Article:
A Sociocultural Perspective on Ghosting
Certain social phenomena, such as ghosting, paint an interesting picture of our Western society.
The line between peace and apathy is often very thin. In fact, on the surface it is very easy to confuse one state with the other, and the interpretation of our experience - as to whether we experience peace or apathy, depends upon the lenses through which we decide to judge ourselves.
Peace is defined by feelings of being undisturbed, calm, composed, balanced, secure and patient.
Apathy is distinguished by not caring, feeling indifferent, neutral, unconcerned, emotionless and uninterested; from Greek - apathes “without suffering”
As we can see, both mental states are quite similar and it often might be a little bit challenging to distinguish one from the other. When we look at someone who is peaceful, they might appear relaxed and calm. If we look at someone who is apathetic, they will appear to us in a very similar manner. The difference separating these mental experiences seem to depend upon our own subjective experience and interpretations of it.
The experience of apathy closely resembles boredom. Nobody really likes to feel bored - when we are feeling bored, we don’t enjoy doing anything, nothing seems interesting. In fact, boredom and apathy might go hand in hand together as both are distinguished by the lack of interest, not being able to focus on anything and having difficulty with motivation.
But let’s go back to apathy and peace. Both, apathy and feeling peaceful are marked by a low arousal level - our body is calm, there is no sign of worries or troubles, we might feel as if the time got slowed down. Why then apathy causes so many struggles and prevents a person from having a pleasant time, whereas feeling peaceful is something that we enjoy?
There might be numerous causes of apathy, but if we just focus on how the apathy is experienced in the present moment, it’s quite easy to figure out potential causes. Of course, there might be physical influences, such as some illness or lacking nutrition, but let’s focus just on the psychological side of the problem.
Every mental state has its purpose: sadness as a way of grieving something we have lost, fear to indicate danger, happiness as a response to achievement or satisfaction. I heavily doubt that apathy doesn’t belong to this category.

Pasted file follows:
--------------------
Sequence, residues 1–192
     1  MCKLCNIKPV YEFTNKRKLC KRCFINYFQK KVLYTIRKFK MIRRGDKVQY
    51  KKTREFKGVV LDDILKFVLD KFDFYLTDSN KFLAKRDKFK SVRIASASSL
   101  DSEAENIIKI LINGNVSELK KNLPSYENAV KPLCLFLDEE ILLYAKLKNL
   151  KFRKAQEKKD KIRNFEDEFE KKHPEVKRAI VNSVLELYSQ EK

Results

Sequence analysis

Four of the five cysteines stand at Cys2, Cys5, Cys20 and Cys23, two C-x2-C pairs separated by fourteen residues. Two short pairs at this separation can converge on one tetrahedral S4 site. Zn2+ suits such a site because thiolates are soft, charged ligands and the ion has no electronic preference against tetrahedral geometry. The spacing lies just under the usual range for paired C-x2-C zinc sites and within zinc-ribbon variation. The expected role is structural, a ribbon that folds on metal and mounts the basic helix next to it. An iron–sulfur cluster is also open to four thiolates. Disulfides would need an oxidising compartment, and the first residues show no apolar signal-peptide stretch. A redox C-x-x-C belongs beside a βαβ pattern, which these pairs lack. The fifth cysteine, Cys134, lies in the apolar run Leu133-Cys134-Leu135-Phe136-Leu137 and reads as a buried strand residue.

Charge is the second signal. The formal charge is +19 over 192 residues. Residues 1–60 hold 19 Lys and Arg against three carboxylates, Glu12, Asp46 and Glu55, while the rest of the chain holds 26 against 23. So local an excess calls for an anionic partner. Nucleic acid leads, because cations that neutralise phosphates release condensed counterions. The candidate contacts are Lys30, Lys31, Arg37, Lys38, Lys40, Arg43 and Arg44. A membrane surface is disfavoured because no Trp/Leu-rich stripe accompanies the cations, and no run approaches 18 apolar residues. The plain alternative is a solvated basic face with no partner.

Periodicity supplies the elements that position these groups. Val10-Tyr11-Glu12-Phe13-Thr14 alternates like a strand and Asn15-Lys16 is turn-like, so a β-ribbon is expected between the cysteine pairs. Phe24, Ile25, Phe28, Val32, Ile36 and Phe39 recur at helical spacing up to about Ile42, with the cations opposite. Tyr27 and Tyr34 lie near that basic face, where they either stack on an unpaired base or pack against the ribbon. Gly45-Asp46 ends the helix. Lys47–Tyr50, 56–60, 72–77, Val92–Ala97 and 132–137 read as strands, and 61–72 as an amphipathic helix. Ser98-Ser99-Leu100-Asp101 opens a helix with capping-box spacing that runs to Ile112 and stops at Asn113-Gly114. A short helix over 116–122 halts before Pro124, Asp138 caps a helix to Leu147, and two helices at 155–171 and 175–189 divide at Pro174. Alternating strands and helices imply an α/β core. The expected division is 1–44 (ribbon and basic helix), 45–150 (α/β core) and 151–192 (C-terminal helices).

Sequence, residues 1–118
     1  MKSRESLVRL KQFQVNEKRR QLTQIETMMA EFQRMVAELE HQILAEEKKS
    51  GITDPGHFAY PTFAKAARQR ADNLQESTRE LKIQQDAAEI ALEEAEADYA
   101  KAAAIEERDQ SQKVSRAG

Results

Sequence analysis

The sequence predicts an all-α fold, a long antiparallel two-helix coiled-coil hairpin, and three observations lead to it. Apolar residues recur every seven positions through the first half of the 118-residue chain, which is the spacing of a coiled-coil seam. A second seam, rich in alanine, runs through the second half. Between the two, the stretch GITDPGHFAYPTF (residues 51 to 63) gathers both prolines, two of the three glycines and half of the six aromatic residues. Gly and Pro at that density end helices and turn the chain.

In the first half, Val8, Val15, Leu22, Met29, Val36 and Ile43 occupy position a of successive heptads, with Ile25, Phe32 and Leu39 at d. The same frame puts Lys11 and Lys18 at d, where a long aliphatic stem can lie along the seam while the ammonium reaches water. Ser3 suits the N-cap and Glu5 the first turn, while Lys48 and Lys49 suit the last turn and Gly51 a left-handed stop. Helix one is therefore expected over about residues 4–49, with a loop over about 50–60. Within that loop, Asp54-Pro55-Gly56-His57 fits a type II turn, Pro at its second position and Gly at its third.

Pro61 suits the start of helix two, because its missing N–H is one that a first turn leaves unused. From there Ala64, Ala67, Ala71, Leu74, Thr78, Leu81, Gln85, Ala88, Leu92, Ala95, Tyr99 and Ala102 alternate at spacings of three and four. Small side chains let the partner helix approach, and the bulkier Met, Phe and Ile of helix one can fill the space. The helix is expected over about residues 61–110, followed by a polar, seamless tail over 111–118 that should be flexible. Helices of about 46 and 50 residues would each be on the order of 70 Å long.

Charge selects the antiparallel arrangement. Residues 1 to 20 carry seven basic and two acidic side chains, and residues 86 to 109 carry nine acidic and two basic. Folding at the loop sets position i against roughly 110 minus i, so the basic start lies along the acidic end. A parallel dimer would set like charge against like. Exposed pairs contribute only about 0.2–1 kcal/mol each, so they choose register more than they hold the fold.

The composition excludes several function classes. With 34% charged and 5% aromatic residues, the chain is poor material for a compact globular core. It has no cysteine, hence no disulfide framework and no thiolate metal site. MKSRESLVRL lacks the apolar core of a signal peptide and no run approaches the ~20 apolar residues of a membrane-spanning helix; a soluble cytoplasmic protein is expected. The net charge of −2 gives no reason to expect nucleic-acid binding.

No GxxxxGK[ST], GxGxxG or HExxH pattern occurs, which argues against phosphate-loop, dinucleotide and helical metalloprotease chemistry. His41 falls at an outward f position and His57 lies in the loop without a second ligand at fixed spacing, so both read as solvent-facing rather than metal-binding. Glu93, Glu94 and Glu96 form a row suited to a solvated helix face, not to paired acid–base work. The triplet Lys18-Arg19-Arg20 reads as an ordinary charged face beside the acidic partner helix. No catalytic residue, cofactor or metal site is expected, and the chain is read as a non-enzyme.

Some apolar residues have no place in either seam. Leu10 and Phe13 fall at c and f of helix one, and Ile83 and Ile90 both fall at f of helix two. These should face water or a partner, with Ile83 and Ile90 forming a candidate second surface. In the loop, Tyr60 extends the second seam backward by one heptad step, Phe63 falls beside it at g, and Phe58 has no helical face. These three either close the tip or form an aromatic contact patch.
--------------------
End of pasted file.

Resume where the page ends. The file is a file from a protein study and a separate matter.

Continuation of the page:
Because apathy is marked by the low motivation and energy levels, lack of concern and lack of interest, there are thus two major causes of this state. We either lack novelty in our life, adventure or doing something challenging that will get our adrenaline running, or we have been experiencing too many feelings, giving away too much attention and too much concern so that our brain is simply tired and needs recovery.
Many people find it distressing to experience any negative mental state - anxiety, depression, sadness, anger. These are all undesired emotions in a society, as they indicate low productivity levels and low probability of finding a partner. It is no different in terms of apathy. It’s “wrong” to feel indifferent and lack concern, and hence most people feeling apathetic will sooner or later try to change it as it doesn’t provide them any source of satisfaction or pleasure. Thus, the mechanism for dealing with this feeling is precisely the same as in the case of dealing with other negative feelings such as sadness or anger - trying to get rid of it. We might blame ourselves for lacking interest or motivation, which only fuels apathy further and possibly breeds other negative feelings.
Because the society teaches us certain norms and standards, the moment we experience negative emotions, we start to think that there is something wrong with us and that something needs fixing. We must feel enthusiastic and happy again. This compulsion to get rid of negative emotions that many people in the Western society display isolates us even further from our emotional side.